Getting Down in the Organic Dirt at ARI (Asian Rural Institute)

Bean Crop Coming Up, Planted by Nisan's Work Group


My good friend Sawmi from Hualngo Land Developement Organization (HLDO) invited me to go to the farm.  She explained that this wasn’t just a day in the dirt, I would be meeting the people who run ARI (Asian Rural Institute).

ARI is an organization that attracts candidates from all over the world to come the countryside in Japan for 9 months and they will learn, use, and become leaders of their agricultural homes when they return.

The students attend lectures in each group.  They study about nothing going to waste on the farm.  They are encouraged by the staff to figure out the yes way for them to solve projects giving to them.  Each student is a member of a group which they will tend together.  In addition, each student has a small plot to plant and reap what every they like as a personal project.


Stepping out of the station we all noted the air was a tad drier and cooler than Tokyo.  It took nearly 3 hours of subways and local trains to get here.  Kathy met us at Nasunoko station in the farm’s van and wisked us over to the farm.  There was a mix of its permanent staff, volunteers, and the students.  We walked around the administrative building before heading out into the farm.  S
Nothing Goes to Waste on the Farm

Nothing goes to waste on the ARI farm.  Even the husks from rice are burned and added to the compost, or to make natural pesticides.  The mission is to get the students to adapt what they learn to their home country.  To learn how waste from one crop can be the nutrients that feds the next.

We came to Nisan’s groups plot of land.  They had just put down some beans on raised beds and then covered them with the straw leftover from a rice harvest.  The straw keep the grounds moisture and keeps the weeds from getting sunlight to grow.
Keepring the Crows Away, Scarecrow
All the classes are conducted in English and Kathy supported Nisan in her explaining their methods to us all in English.

Livestock is also raised on the property including pigs, goats, sheep, chickens, and carp (fish).  Students often choose to study about a livestock depending on their need of their country.
Fresh Picked Farm Blueberries bu the Bowlfull

We had a communal lunch of fried (tempura) green eggplants, tomato and vegetables salad, a a slightly spicy potato salad.  I was thankful for the bounty, and even more so that it was a vegan meal.  The meal was topped off with bowls full of luscious blueberries.

All the participants, volunteers, and students joined in on the communal lunch.  A quick prayer song was recited and we dug into the food.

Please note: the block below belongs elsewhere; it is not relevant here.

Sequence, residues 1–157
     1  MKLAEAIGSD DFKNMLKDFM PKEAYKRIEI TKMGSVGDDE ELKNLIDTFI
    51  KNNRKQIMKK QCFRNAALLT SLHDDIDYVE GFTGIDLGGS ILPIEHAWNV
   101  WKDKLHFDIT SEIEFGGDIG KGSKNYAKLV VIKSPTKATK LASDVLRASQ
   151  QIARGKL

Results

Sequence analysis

Nisan, Farmer and Future Leader

Nisan at the Communal Lunch

One man from Liberia named Romeo was giving drumming lessons to a Philippino guitarist before we all broke bread.  Really a lovely harmony.

There was so much to see and do at the farm.  I was full of joy to see Nisan coming forward as a farming leader.  I will continue to support her and the Hualngo Land Developement Organization (HLDO).

I didn’t walk away empty handed.  Nisan handed us a bag full of long beans, eggplants, okra, tomatoes, and long green peppers.  Also picked up a little rhubarb jam for a breakfast treat.

Those of you in Japan who might be wanting to volunteer, look into the ARI (Asian Rural Institute).  Or, if you know of a country’s people that could use some solid training filled with love invite them to check it too.

some special shout outs!

Kathy, for picking us up and showing us around.

Yukiko, for telling her story, and giving Nisan all the support she can.

Sean- from Hawaii,  you are on your path.

Romeo- for making me feel welcomed and reminding me of my youth.

ALL the ARI staff, participants, and volunteers. Who have made my world, OUR world, a better place.


Drying Garlic on the ARI Teaching Farm


Garlic curing behind the communal kitchen


Farmers' Workboots


Rows of women’s workboots outside their dormitory.


Keeping it Hot in the Greenhouse


Heated Hot House
Maize, Corn Drying, Ready for Grinding


Nothing but stone ground maize.


Blackberry Straight from the Bush


Fresh plucked blackberry in Nisan’s hand.

2 Responses to “Getting Down in the Organic Dirt at ARI (Asian Rural Institute)”

  1. Kathy, ARI Says:

    Dear Jacob,

    Thanks very much for the great posting about your visit to ARI. I loved your pics and story. Please come back again.


  2. Jacob Says:

    Thank you so much Kathy!

    I truly enjoyed the day, the food, and best of all the people.

    i hope to visit someday in the near future.


Leave a Reply

Copyright 2007© m2c LucidCommunication - Jacob Schere